Editorial

Back to the Middle Ages

  • An examinee had her sanitary pad confiscated in the name of security

Mar 28, 2019-

Right before the Secondary Education Examination, the thing that Devsara Adhikari feared the most happened. She had her period. Having left her home area, Kuinka, Achham in order to be nearer the exam centre, Adhikari wished she didn’t get her period the entire time. But since no one has any control over this biological process, Adhikari was left with no choice. On the day of the examination, she put a sanitary pad in her pocket for emergency purpose. But while searching the examinees, the invigilator took away her pad thinking she was using it to hide her cheat notes. Adhikari recalls she could not write her exam well that day.

Menstruation is a real problem. But our inability to think of it as one is utterly deplorable. Having strict rules and regulations is one thing, but having no regard for the real issues of female students is another. Perhaps we fail to see this because the teachers and school authorities are mostly males. Unavailability of toilets for girls and lack of sanitation has led to frequent absence of girl students in many public schools in rural areas, and these issues become doubly pertinent during times like these when one is away from home.

The Secondary Education Examination has begun, and many are appearing for it like every year. These exams are often held in different centres. Sometimes, students, especially in remote areas like Achham and Bajhang, have to rent rooms until the exams get over so that they can be nearer the exam centres. But most girls feel unsafe and insecure. They should not be given a hard time for something out of their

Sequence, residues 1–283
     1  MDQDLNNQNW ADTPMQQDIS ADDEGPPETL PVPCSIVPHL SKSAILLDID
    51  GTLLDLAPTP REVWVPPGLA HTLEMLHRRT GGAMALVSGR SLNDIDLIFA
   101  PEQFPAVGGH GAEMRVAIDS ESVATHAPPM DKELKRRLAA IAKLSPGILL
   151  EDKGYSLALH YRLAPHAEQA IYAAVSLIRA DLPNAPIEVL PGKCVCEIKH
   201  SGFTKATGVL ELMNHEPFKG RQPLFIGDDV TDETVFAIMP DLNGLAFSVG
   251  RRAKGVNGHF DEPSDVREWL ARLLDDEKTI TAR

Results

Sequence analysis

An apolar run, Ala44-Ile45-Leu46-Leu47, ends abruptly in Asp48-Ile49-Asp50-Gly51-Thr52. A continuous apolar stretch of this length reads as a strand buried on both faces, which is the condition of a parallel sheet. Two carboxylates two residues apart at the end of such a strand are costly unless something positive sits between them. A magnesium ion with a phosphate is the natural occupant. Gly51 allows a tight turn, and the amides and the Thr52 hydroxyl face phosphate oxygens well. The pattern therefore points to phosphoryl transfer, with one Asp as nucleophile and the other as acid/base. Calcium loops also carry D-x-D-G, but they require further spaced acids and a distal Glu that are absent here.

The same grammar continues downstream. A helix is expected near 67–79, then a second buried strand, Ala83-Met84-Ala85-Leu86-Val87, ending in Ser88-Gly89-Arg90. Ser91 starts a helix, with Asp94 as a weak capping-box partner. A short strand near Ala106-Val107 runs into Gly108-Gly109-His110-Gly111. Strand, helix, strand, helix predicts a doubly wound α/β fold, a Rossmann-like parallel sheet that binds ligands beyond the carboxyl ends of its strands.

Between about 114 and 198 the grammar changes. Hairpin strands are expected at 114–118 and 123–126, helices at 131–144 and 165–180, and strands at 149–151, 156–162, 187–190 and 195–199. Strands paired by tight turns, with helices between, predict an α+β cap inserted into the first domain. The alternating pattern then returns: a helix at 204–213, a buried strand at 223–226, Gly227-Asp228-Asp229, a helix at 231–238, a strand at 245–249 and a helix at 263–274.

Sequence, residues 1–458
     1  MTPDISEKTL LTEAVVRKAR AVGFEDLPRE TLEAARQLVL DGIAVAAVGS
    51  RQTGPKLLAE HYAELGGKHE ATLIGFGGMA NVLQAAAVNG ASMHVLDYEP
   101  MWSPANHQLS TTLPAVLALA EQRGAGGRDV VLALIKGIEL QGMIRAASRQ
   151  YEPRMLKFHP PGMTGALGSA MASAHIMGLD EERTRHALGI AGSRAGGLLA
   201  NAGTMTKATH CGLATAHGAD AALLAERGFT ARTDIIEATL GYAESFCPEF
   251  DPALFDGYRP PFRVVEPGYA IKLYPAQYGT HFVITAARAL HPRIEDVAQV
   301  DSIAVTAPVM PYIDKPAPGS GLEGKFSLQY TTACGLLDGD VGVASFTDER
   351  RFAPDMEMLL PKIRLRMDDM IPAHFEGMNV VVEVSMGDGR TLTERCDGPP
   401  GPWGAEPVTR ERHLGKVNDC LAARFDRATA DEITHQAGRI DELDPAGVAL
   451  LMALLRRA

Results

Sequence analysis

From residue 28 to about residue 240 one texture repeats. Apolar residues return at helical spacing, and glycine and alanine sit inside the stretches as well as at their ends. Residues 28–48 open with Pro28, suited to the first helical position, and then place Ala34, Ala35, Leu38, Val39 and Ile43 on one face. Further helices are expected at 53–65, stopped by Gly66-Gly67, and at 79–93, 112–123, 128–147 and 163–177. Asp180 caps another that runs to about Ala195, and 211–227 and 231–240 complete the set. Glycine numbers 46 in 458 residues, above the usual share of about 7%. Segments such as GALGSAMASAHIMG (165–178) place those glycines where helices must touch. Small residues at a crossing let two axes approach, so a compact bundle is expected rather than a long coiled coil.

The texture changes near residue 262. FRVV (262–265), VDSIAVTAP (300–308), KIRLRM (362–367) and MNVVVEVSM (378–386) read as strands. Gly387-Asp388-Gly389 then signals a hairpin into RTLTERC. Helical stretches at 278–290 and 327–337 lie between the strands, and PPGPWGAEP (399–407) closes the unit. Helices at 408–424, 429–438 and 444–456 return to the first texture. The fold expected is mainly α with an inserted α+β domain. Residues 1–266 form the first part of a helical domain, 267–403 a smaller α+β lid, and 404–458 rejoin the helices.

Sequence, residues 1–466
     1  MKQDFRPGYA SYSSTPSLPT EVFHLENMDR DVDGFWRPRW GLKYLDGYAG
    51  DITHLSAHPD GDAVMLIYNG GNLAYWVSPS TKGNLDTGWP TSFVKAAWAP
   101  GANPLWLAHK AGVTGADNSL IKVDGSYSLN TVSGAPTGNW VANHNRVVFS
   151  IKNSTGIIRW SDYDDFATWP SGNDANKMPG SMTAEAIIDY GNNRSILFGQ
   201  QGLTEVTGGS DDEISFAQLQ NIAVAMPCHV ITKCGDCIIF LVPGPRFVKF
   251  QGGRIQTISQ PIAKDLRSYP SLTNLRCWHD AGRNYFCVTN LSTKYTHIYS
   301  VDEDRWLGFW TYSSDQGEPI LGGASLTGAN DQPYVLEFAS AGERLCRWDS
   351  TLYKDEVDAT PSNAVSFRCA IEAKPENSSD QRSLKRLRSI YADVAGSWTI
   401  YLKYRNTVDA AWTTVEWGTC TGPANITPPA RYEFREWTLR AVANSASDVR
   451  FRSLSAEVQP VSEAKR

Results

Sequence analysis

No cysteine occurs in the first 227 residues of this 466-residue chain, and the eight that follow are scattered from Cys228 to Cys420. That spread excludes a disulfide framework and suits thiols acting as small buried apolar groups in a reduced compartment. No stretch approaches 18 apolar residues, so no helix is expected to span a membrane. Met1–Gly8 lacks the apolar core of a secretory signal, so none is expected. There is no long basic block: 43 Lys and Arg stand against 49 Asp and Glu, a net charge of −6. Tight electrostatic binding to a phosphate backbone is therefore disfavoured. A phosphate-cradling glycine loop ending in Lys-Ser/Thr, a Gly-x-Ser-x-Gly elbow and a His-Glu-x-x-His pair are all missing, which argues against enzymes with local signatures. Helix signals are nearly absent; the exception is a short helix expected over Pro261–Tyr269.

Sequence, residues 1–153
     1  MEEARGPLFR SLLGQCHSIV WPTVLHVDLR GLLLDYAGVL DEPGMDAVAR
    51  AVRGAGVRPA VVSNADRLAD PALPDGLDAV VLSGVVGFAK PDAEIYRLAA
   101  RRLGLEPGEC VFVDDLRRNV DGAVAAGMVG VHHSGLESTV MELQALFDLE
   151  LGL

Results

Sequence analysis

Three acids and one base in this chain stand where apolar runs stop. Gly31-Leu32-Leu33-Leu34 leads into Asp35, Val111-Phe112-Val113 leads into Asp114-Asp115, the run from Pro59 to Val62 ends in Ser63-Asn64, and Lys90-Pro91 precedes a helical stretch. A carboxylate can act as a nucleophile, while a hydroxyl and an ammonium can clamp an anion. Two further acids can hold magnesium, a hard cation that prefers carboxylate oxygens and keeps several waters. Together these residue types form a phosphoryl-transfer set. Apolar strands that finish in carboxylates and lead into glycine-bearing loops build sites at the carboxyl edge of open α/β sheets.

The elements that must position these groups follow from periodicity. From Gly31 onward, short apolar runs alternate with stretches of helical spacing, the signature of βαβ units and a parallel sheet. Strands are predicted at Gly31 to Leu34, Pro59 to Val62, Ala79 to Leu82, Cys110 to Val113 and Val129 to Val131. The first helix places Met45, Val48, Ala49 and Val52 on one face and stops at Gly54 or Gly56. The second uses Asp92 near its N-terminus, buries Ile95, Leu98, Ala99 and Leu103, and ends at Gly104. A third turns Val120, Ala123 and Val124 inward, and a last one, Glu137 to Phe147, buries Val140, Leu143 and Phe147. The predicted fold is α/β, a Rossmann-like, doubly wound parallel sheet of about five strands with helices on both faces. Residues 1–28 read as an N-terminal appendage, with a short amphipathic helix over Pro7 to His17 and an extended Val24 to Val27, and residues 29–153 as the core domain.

control.

Achham and Bajhang are places where Chhaupadi—the practice of sending girls to menstrual huts during their period—is practiced. Generally, girls are taught at a young age to talk about their period in a hushed voice and only to other women. Feminine hygiene products must be available more readily. What’s more, students should not be stripped of their right to basic hygiene, that is carrying a pad to the exam centre if they have to, in the name of ensuring fair examinations. The taboo of menstruation causes real harm. This stigma still holds girls and women back. In this case, when students are supposed to be free from fear and concentrating solely on preparing well for their exams and giving them well, girls are worried about their menstruation and whether they will be allowed access to feminine hygiene products. It is the responsibility of the respective school principals to make sure the necessary provisions are in place. Also the invigilators must pay attention to different sensitivities and issues that surround different individuals.

Published: 28-03-2019 07:43

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